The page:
My team was building a new product at work, and as a part of it, deploying an API to prod for the first time. Everything worked perfectly in QA, so we buckled up and started a pipeline build running for prod deployment… it worked! Houston we have lift off 🚀. I went to do the final check that our UI could communicate with the API - drat. Timeouts. Even less fun than the ones I got as a child, since at least those had a clear answer of what went wrong. Time to roll up the sleeves and get the debugging train rolling.
Debugging commences. First question to answer is if the connection is breaking because of our code, or before it reaches it.
🖥️ UI - 🔃Timeouts ------(💥 here?)-------> 📜 API (💥 here?)
Since I could see a Lambda event each time I used the UI hidden among the health checks, I could tell the request was making it to our code. That eliminates a whole slew of frustrating debugging possibilities, including:
We’re left to explore potential issues within our code. Some of the patterns I’ve run into in the past that my mind jumped to:
CTRL+Fthem like you could if you copy pasted the fields.
Unfortunately, being a new service, our logging was not up to snuff to find clues. There was very little to go on, so could only confirm the Lambda itself was timing out and then causing the API timeouts. Since our product is still in development, we had the leeway to wait and deploy a PR with improved logging to track down exactly what was missing. We’re very lucky, since many applications don’t have this luxury — once the info is gone, it’s gone. Good luck.
With the updated logging, we could see our prod Lambda was missing an environment variable we required,
ENV: PROD. How could that be, I added it to the infra code myself! It must be the YAML anchors not working, but how? I checked about 50 times that the environment variables for prod were showing up in the YAML debugging output.
I was deep in the weeds and stuck in a loop of “how is this possible, it’s right there!” when a friend looked at it for 10 seconds and said “oh, you have it, you just put it in the wrong spot.” 🤦♂️
- name: prod_infra_item # <<: *env_variables <-- I needed it here - name: prod_infra_item_other <<: *env_variables # <-- I put it here 🤦♂️
Foiled by myself! My YAML was correct, I had just put it on the section right below where I needed it to be. Since it was technically valid and would show up in the debugging output, there were no explosions to alert me of my misstep. I was staring at it the whole time, but couldn’t recognize what I was seeing because I had blinders on.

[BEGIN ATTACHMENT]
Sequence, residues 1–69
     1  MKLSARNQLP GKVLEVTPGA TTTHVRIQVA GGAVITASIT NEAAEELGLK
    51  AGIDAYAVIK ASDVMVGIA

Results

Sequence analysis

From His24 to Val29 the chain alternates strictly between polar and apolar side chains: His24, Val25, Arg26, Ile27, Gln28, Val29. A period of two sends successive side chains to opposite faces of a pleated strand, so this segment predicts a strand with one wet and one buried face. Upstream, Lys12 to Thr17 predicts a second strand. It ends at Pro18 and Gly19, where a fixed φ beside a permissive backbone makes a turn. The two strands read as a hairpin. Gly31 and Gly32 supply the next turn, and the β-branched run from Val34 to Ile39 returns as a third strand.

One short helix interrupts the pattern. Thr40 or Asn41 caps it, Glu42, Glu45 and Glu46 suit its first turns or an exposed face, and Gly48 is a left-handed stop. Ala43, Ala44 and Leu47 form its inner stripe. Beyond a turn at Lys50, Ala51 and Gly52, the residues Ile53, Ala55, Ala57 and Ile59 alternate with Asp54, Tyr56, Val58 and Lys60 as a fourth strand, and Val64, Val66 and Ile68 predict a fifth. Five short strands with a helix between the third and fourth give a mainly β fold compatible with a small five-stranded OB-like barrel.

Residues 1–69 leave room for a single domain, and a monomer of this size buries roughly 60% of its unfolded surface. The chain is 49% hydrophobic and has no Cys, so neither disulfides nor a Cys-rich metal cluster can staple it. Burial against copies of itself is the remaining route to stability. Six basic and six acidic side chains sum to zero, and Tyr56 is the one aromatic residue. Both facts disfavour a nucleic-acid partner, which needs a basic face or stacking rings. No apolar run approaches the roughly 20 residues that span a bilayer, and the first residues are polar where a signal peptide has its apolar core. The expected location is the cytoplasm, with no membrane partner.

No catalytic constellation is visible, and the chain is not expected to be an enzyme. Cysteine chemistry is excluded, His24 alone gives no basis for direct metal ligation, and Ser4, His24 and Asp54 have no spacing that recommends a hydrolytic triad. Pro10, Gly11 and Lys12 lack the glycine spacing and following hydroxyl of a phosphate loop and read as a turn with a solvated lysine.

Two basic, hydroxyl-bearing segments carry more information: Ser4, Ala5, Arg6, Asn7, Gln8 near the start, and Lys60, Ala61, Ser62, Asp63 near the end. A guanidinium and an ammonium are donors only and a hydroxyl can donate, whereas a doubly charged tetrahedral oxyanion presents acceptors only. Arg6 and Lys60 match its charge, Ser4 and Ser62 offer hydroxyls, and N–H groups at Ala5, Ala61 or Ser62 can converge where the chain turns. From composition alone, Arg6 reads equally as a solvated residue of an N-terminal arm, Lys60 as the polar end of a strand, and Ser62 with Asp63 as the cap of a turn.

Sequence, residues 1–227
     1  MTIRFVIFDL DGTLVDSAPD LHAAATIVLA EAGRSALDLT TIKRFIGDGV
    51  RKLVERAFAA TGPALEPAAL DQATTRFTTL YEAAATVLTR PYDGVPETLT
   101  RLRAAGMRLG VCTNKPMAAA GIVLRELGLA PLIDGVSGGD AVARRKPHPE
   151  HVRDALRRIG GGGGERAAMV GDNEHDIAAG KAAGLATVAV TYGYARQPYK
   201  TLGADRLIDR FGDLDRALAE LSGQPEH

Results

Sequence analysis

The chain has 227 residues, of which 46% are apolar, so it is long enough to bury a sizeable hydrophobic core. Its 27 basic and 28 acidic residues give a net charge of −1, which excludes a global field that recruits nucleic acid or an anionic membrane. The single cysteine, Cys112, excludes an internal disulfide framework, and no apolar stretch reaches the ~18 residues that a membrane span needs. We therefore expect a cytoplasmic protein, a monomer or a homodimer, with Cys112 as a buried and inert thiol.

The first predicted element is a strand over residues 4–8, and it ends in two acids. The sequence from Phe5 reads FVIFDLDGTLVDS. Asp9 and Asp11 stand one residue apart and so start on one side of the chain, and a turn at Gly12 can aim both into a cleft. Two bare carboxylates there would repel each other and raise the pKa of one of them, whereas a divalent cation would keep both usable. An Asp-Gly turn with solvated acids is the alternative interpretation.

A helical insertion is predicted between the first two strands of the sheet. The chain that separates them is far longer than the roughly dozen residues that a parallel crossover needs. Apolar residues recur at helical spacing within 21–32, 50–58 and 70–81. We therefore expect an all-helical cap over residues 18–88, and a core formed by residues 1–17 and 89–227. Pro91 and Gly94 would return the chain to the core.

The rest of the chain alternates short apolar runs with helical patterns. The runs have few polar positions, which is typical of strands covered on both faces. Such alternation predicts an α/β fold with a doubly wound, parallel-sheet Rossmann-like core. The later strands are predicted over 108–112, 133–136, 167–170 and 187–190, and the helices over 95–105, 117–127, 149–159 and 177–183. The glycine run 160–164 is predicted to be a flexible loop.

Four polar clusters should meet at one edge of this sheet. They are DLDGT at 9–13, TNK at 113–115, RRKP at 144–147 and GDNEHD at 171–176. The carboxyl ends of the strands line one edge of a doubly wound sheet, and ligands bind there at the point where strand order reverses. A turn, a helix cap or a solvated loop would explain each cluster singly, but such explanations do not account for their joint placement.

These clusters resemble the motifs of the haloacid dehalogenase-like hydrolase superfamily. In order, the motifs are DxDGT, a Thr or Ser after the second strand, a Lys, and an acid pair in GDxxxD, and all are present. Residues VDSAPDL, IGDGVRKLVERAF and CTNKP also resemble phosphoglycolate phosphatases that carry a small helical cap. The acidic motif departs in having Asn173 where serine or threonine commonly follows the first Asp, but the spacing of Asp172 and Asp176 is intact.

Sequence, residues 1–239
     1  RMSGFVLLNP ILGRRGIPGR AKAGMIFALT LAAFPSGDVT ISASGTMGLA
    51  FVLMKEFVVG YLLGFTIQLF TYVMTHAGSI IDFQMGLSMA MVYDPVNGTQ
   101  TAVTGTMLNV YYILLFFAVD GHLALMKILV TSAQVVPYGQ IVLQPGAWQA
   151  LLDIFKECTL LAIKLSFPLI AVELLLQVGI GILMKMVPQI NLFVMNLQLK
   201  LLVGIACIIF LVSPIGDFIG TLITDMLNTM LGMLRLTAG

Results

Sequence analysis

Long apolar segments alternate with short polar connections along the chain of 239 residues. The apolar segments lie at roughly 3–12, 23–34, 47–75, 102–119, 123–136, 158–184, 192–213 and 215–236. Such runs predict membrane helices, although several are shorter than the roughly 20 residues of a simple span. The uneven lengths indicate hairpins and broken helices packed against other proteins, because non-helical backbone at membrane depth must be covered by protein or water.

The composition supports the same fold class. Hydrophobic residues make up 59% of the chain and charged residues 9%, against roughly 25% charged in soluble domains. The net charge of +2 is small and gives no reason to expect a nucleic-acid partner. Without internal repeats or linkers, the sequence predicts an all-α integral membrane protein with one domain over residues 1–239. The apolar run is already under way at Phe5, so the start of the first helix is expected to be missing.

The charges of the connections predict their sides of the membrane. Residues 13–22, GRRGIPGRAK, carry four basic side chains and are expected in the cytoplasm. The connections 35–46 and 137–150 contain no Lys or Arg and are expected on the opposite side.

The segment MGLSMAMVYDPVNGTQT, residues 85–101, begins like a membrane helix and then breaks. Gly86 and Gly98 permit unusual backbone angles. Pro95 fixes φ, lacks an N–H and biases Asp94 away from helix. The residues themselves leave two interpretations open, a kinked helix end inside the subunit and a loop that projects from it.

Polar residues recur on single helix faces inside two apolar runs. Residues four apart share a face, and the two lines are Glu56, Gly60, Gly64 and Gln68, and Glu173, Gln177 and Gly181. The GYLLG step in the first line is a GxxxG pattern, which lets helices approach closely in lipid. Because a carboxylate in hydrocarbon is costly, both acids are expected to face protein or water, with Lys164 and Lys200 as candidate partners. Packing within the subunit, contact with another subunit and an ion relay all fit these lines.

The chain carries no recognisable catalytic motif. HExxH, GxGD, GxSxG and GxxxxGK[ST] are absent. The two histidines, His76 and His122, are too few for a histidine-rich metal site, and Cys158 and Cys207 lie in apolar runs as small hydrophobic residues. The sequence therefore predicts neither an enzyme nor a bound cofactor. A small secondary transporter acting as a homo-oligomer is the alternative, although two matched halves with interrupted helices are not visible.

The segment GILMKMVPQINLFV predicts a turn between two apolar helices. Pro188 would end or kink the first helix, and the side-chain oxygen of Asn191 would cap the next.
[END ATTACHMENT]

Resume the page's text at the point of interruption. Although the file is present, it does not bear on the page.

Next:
Ok, so I made a silly mistake and spent a bunch of time debugging everything BUT the problem. What can I learn from this?
Occam’s Razor - As soon as I see a problem, my mind wants to start with all possibilities on the table, even the incredibly unlikely such as kernel bugs. Like shark attacks, they are interesting and stick in my mind, but the actual probability of having it happen is incredibly low — I’m better off searching in common places like user/developer error than hunting for the obscure.
“When you hear hoofbeats in the night, look for horses — not zebras.”
Observability/monitoring on your code is so critical - eventually you will have bugs. Having to go through prod deployments of logs just to get the information you need is a luxury. It heavily delays your ability to triage, and in time-sensitive issues, those minutes hurt.
Attention to detail - I struggle with it when I am honed in on a specific idea and can’t see what’s around me. The misplaced YAML anchor wasn’t the only detail causing a delay in getting a functional prod API. I was so confident each min-problem I ran into was the last one on the way to the success build ✅, I forget to scan for silly things, like forgetting to change the QA database URL. I ended up hitting a new issue each time I solved one, when I could have knocked at least half of them out at once. I need to get better at coming up for air 🤿, taking a breath and looking at what else could happen before running full-speed into repeated brick walls like Wile Coyote.
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